January 24, 2019 - Reports continue to appear about regulators opining on the leveraged loan market. And so, we once again go to the original sources to see what they are saying. We began this process in December, when we recapped views from the OCC Semi-Annual Risk Assessment and the Federal Reserve’s Financial Stability Report, as well as speeches and comments from Fed Chairman Powell, Vice-Chairman Quarles and Comptroller Otting.
Since early December, several reports have highlighted a Janet Yellen speech where she discussed leveraged lending. We went searching and determined that, yes, Dr. Yellen definitely did address leveraged loans in a wide-ranging hour-plus interview at CUNY in December. While she definitely has questions about leveraged lending, her views may be more nuanced than were widely reported. First, when discussing 2008 and what worries her now, Dr. Yellen said “I don’t see a shock in the offing that is likely to cause that kind of financial crisis.” She went on to say, “I worry about leveraged lending…that high levels of corporate leverage could prolong the downturn.” That part was widely reported. What was not widely reported is what she went on to say, and we quote in full, “But there’s much less leverage in the financial sector now as far as I can see relative to before the crisis. I think most of these risky loans are owned by investors that are not leveraged. So they may suffer some losses, but they are unlikely to turn around and start selling other assets that can lead to a firesale contagion.” It seems to us that Dr. Yellen is distinguishing between credit risk and systemic risk.
Next up, IMF. Some reports also suggest that the IMF recently raised warning flags about leveraged lending. To get the full scoop, we reviewed the IMF’s Stability report, which asked, “A Decade After the Financial Crisis: Are We Safer?” Indeed, the report did mention leveraged loans – four times in 81 pages (on pps. 7, 8 and 11 if you’re looking). Page 7 addressed the issue most directly, observing that “the share of highly levered and speculative-grade firms in new debt issuance has grown, fueled by strong investor demand, looser underwriting standards, and compressed spreads. Notably, highly leveraged deals account for a growing share of new leveraged loan issuance and have surpassed precrisis highs.”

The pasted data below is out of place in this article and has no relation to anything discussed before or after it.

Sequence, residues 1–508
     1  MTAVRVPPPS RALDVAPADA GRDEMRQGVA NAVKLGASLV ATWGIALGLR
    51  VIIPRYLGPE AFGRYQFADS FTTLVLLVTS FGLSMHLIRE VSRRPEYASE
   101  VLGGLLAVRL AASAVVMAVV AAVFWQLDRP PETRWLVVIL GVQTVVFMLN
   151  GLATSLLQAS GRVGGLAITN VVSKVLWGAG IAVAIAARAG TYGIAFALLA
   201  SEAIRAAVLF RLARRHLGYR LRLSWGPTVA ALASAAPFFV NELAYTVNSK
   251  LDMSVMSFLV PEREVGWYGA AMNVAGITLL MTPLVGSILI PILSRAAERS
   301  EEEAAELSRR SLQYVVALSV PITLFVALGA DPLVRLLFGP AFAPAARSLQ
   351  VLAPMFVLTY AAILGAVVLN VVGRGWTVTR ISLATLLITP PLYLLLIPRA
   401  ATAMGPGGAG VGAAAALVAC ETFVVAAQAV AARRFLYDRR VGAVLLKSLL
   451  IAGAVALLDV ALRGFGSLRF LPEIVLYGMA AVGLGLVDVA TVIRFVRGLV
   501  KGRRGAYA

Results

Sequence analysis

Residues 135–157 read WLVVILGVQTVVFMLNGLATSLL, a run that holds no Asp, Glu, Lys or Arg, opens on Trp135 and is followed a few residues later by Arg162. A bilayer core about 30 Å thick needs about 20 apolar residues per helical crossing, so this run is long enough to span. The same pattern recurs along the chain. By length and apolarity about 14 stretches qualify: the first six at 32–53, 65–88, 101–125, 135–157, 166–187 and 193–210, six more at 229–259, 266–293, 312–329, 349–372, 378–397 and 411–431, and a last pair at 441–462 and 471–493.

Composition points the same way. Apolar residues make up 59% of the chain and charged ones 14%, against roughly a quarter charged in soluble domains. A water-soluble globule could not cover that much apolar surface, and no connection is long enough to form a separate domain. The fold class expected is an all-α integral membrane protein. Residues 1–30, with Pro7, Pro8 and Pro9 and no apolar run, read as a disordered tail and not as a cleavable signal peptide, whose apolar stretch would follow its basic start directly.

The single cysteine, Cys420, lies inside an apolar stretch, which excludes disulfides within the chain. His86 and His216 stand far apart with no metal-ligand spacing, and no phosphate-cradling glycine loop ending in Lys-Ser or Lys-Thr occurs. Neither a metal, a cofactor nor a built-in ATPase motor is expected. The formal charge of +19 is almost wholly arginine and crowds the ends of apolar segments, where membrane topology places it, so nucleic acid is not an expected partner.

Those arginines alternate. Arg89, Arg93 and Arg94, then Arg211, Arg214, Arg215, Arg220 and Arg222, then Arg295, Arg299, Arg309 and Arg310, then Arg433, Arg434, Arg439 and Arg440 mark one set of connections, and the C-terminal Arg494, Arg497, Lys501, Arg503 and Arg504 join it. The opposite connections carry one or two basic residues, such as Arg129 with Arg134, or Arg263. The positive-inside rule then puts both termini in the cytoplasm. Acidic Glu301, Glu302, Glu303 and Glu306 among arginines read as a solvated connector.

Expanding our search beyond leveraged lending, we found that the report noted that near-term risks to financial stability have increased modestly, while medium term risks remain elevated because of persistent financial vulnerabilities linked to high debt levels and stretched asset valuations. When we searched out “stretched asset valuations” (p. 11), first on the list was stretched U.S. equity valuations. But the fourth risk flagged was that high yield bond and loan spreads have tightened materially, and ‘[loan] markets may be underpricing the deterioration in covenant quality, which is at the weakest level on record.”
So, if it’s an issue, what is a regulator to do around corporate debt? On p. 30 the IMF suggested that regulators should continue to monitor bank lending to highly indebted private non-financial and sovereign borrowers. More specifically, on p. 31, they suggest regulators watch the excessive buildup of leverage in the corporate sector.
And, to be fair, that is basically what we found referencing leveraged lending in the IMF Stability report. The reality is that a much larger portion of the report focused on risks building up in emerging and frontier markets, as well as sovereigns. We recommend that discerning parties read the full 81-page report, along with the headlines it may have generated.